Finding and Assessing Franchise Opportunities
November 5, 2015
Franchises exist just about everywhere, and offer many choices. With so many options, it can be hard to narrow your options to a short list of possibilities. The Internet is a good place to start your research. Here are a few resources, in addition to ours, where you can start your initial search:
This is the official web site of the International Franchise Association.
The American Association of Franchisees & Dealers web site is an excellent source of legal and financial advice about franchising.
Franchise Times is a top publication for franchising news and information.
After your self-evaluation, you should have some idea of the type business you want to run, i.e. home improvement, food services, advertising, construction, etc. And you should also know how much you can invest and how much of your time you can commit. This will help choose the best possibilities from the many offerings you’ll find in franchise directories.
Once you narrow it down to a few choices, you should consider:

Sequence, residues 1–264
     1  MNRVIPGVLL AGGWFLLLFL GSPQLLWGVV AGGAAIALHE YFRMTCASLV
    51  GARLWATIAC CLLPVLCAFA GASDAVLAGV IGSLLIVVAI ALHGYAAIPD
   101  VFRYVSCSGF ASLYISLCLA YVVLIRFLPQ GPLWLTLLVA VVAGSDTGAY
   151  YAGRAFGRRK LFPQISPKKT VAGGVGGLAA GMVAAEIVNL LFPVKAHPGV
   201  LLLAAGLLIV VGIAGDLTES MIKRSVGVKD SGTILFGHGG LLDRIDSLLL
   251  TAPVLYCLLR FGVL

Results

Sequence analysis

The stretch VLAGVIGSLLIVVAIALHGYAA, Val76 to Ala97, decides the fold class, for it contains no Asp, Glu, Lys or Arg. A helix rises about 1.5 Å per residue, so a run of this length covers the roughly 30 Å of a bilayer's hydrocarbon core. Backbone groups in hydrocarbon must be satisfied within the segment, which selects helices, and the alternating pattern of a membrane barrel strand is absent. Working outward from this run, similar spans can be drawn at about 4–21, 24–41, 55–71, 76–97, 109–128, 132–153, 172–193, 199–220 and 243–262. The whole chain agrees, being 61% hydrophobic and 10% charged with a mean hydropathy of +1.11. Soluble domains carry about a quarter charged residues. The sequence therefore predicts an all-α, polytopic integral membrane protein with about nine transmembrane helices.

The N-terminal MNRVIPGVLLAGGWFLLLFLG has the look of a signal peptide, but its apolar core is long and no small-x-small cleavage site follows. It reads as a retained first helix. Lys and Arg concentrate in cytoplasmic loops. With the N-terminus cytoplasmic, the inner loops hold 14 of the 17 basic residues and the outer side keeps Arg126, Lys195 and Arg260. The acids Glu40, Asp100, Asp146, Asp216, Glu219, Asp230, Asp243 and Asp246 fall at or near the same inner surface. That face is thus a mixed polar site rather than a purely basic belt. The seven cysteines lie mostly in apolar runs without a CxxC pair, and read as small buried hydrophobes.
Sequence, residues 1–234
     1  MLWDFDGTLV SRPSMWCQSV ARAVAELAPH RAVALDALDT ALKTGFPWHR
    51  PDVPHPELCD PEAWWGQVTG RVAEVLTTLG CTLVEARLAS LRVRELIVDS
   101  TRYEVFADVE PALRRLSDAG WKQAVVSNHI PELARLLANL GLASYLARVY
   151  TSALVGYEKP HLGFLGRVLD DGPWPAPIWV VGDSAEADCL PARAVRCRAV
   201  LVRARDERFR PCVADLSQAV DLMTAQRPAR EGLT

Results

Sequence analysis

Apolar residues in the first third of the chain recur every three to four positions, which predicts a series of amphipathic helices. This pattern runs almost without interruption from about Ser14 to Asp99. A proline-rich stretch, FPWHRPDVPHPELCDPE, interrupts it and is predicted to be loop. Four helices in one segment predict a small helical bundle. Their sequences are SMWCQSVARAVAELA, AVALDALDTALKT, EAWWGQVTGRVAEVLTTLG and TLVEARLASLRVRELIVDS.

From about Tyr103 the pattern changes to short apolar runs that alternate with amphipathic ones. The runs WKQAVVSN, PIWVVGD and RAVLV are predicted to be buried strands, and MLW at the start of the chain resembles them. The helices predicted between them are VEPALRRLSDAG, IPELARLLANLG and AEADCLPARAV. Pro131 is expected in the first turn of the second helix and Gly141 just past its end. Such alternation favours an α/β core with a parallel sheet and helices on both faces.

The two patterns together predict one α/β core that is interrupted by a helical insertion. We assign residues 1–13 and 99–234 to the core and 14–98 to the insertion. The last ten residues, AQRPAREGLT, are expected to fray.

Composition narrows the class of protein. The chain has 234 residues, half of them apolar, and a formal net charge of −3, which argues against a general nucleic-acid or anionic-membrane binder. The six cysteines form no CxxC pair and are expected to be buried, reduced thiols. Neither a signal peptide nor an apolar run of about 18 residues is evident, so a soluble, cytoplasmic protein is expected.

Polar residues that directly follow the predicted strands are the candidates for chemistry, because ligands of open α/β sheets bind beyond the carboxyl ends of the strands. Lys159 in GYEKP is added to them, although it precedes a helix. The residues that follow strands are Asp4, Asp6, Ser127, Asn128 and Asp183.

- Is it a genuine business format franchise vs. a product distributorship?
- Does the franchisor belong to industry associations such as the IFA and AAFD?
- Has the franchised business been proven in practice?
- Is there a strong trademark name or brand?
- If it is a new business, is it a fad? How has it been tested?
- What is the competition and how do prices of the product and services compare to competitors?
- Are the products patented?
- Will the source of products be guaranteed in the future?
- Does the franchisor disclose financial information upfront?
As with anything else in life, there are clues that should tip you off that a franchise offering should be avoided. Remember, if it sounds too good to be true, then it probably is a misleading presentation.
Other signs that signal questionable businesses are sloppy web sites with obvious grammar and spelling errors. If a web site seems like all hype, then it probably is just that. And don’t fall for overly aggressive marketing that bullies the prospective buyer into acting fast without time for careful examination of the business.